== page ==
The UK band The Sharks have yet to release a proper debut, and they have already snagged one of the opening spots on Social Distortion’s latest tour, as well as committed to play every date of this summer’s Warped Tour. Not bad for a band that has yet to play a single show in the U.S. before this year.
Rise Records, fans of the bands earlier EPs, talked the band into signing and has just put out The Joys of Living, a compilation of the band’s earlier music – mostly recorded when they were still in their teens.
Playing rock in the vein of Gaslight Anthem and, appropriately enough, Social D, this four-piece band of punk rockers is clearly off to a solid start.
Singer/guitarist James Mattock spoke recently about the band, landing a dream gig right out of that gate and the warnings they’ve already received about life on the Warped Tour.
Innocent Words: How did the band first get together?
James Mattock: Andy (Bayliss, guitar) and I formed the band at school out of a bond over the same music. We wrote a few songs as a two-piece and invited Sam (Lister, drums) to join to his acceptance. Christian (O’Reilly, bass) joined a year later, replacing our then bass player. We’re basically the only people we know with the unspoken understanding for each other and the dynamics are perfect. The aim has always been to create to a 100 percent standard of personal satisfaction, and we’ll do all we can to preserve that notion.
IW: The Joys of Living is a compilation of your earlier songs. Have you started working on a new record yet?
Mattock: We have around 16 songs good to go. We’re just in the process of demoing and really thinking about how we want our debut to sound. We’re going to continue writing because we don’t see any reason to stop, but the songs are sounding great. Just last week, we were demoing at the Lodge in Northampton, where we recorded our first EP, Shallow Waters. It’s great to be back in there and the writing process has been very organic and progressive, musically and lyrically. We’re just trying things out and seeing what feels good, and we’re doing our best to not think to hard about any preconceived expectations for this album. When the songs are ready, we’ll know it.
IW: How did you first connect with Rise Records, your label in the U.S.?
Mattock: The guys at the label had been fans of the band and already owned all our previous releases. So being a record label, they naturally wanted to work with us on something. They just got in touch and really expressed a great deal of enthusiasm for it. It’s great to work with those who really get the drive of our band and want to help steer it.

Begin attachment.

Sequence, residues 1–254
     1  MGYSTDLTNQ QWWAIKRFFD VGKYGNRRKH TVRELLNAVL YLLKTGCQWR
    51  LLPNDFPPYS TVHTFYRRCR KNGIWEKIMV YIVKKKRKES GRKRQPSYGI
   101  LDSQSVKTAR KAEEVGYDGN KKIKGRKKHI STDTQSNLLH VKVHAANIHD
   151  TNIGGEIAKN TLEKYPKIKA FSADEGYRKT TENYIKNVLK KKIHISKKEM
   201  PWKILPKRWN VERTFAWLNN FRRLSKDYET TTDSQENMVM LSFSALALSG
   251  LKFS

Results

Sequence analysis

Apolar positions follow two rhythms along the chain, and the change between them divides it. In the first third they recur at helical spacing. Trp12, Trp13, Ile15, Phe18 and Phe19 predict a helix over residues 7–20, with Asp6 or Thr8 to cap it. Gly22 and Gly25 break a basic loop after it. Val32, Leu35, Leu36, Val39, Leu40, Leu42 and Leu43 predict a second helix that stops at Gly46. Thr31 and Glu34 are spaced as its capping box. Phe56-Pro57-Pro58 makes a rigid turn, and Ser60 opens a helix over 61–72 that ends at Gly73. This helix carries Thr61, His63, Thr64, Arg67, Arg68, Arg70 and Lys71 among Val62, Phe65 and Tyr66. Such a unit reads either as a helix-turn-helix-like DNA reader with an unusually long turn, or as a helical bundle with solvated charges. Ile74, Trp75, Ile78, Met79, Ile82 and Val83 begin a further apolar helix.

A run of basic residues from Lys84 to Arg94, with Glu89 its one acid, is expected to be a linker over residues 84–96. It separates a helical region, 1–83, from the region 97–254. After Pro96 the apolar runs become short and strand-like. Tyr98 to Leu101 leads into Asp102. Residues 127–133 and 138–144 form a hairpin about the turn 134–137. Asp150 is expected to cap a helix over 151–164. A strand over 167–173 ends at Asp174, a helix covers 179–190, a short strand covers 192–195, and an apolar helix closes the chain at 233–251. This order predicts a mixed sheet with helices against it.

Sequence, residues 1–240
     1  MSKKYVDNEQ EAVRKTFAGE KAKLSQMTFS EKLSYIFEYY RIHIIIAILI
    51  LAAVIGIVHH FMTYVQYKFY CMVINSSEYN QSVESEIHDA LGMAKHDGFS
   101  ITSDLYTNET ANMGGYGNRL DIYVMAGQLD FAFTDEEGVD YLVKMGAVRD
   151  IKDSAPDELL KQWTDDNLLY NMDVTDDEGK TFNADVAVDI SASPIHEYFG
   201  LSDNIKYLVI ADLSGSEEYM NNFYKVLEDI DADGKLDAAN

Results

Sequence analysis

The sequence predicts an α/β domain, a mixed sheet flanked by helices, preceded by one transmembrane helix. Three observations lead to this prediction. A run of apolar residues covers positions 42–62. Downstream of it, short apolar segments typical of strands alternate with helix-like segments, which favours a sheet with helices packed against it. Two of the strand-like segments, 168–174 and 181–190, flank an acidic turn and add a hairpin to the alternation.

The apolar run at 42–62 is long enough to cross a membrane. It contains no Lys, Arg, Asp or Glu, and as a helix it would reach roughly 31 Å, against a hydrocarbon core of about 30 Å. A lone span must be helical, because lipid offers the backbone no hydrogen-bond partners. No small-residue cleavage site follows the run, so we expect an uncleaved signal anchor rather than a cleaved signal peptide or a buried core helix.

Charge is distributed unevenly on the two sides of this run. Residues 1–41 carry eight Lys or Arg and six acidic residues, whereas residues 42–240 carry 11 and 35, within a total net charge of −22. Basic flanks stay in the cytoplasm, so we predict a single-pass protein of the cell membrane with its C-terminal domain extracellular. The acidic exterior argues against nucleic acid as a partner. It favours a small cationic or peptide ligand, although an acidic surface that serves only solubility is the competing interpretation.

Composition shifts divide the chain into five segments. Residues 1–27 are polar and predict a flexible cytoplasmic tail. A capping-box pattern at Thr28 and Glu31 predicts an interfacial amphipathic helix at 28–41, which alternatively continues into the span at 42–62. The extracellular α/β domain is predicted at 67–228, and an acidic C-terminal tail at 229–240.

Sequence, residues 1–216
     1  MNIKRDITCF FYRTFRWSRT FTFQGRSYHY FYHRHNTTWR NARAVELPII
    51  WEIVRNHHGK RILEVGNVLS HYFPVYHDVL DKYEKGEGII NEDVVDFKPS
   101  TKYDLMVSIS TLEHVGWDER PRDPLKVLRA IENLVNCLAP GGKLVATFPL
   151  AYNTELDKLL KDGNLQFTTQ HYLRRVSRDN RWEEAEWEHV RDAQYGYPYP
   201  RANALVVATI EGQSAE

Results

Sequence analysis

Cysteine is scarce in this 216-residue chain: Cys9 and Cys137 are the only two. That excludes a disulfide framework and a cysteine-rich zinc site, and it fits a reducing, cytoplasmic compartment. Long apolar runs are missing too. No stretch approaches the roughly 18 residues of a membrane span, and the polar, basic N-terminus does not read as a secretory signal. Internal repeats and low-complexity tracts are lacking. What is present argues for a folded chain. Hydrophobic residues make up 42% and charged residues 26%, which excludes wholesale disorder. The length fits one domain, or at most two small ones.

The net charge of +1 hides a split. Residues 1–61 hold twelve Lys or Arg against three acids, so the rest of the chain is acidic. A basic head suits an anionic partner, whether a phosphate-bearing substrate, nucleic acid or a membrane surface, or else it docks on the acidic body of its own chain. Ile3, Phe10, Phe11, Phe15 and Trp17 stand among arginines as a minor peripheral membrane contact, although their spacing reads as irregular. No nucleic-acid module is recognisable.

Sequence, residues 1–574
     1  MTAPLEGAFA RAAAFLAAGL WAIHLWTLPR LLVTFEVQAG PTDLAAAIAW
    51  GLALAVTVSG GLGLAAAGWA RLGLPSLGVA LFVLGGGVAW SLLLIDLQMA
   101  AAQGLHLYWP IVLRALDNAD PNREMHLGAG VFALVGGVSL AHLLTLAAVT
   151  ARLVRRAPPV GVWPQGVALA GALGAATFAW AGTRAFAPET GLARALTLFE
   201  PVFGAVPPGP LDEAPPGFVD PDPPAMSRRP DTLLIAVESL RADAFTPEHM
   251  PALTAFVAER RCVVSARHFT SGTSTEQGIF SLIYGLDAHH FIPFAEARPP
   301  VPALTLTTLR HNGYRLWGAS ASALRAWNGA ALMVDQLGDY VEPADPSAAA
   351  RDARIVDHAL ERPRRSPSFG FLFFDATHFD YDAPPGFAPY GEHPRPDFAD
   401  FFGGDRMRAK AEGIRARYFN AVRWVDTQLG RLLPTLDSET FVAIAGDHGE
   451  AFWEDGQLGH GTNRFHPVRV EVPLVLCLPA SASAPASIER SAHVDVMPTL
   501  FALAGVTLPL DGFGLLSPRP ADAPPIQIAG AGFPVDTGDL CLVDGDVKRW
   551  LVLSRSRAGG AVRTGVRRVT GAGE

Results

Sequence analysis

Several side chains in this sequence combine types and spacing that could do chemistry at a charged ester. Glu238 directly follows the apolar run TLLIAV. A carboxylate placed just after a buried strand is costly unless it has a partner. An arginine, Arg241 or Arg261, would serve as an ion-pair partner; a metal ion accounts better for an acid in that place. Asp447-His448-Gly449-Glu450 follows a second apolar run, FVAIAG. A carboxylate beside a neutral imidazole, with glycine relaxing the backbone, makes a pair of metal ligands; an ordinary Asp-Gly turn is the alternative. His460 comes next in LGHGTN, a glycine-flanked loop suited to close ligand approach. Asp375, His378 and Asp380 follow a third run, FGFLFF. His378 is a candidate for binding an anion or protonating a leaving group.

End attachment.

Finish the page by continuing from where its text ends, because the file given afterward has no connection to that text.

IW: You scored a major coup getting the opening slot for Social Distortion and Chuck Ragan. How did that happen?
Mattock: We just pushed our very all for it. If there was three dream bands we’d like to tour with, Social Distortion would be in there. They’re a huge influence on all of us and luckily everything just came together. Our manager and agent pushed from the very start, and I owe them all the thanks. I also suspect that making friends with Gaslight (Anthem) and Chuck Ragan alike helped out because they’re all in the same kind of ilk and friends. We’ve also recently been jamming a song of theirs, “Lude Boy,” which we recorded at Maida Vale for the BBC. They’re just amazing, and to be put on the same bill says a lot about our band, and I’m especially proud of that.
IW: Have you played in the U.S. before this year?
Mattock: That we haven’t. We only played overseas for the first time in October last year when went to Europe with the Gaslight Anthem. We’re really excited to come over. The whole idea actually really blows my mind because it seems America has come to us early on in our career, and it was really unexpected. A lot of our contemporaries haven’t been to the U.S. yet, so obviously we’re feeling very pleased with ourselves.
IW: What are your impressions of the audiences here?
Mattock: I reckon it’ll be awesome. There actually seems to be more enthusiasm for our band out there than over here, and certainly a broader understanding of the music we’re playing. The UK has been really tough to work, so I’m hoping the U.S. gives us a bit more of a break. The music scene can sometimes feel a bit stuck-up here, but that’s not to say we’ll ever give up.
IW: Your also playing a bunch of Warped dates this summer – have you been warned yet about what you’re in for?
Mattock: Yeah all we really get is warnings and stories of hard times. But we’re really sticking our chests out for this one. We want it to beat and batter us. We’re going to come of that tour the best punk band in Britain. We’re looking at it as a massive opportunity because usually smaller bands like ours rarely get to play a festival so big and popular. So we’re honored to be given the chance and we intend to completely fulfill it.
IW: So, what’s next for the band?
Mattock: We’re back in August, so hopefully hit some of the last UK festivals. Then we really want to get stuck in with our album and hopefully get it recorded by the end of the year. It really has been a long time coming, but the timing definitely feels right. We started this band at a very young age, so I’m glad we didn’t rush into a full length record. The Joys Of Living is a celebration of our teenage years, and the material we recorded at that time, and the new record is beginning to feel like a real step up. We’ve been demoing a lot recently like I said, it’s really taking shape now and we’re confident and happy with it. We can’t wait to unleash it onto the world.